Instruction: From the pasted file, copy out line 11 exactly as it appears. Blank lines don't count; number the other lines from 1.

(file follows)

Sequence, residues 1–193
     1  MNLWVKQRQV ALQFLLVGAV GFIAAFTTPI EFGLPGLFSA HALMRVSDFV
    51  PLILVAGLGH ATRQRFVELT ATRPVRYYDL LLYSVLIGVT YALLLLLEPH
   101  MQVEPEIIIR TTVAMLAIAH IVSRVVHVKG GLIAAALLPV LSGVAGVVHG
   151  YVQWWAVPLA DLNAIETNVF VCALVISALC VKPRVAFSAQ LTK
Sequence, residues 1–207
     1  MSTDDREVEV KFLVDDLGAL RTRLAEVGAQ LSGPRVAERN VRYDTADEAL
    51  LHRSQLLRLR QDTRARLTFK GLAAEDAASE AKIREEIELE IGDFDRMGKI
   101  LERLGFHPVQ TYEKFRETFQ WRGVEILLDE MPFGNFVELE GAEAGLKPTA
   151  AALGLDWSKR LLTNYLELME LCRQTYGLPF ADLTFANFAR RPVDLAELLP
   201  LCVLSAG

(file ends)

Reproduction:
   201  LCVLSAG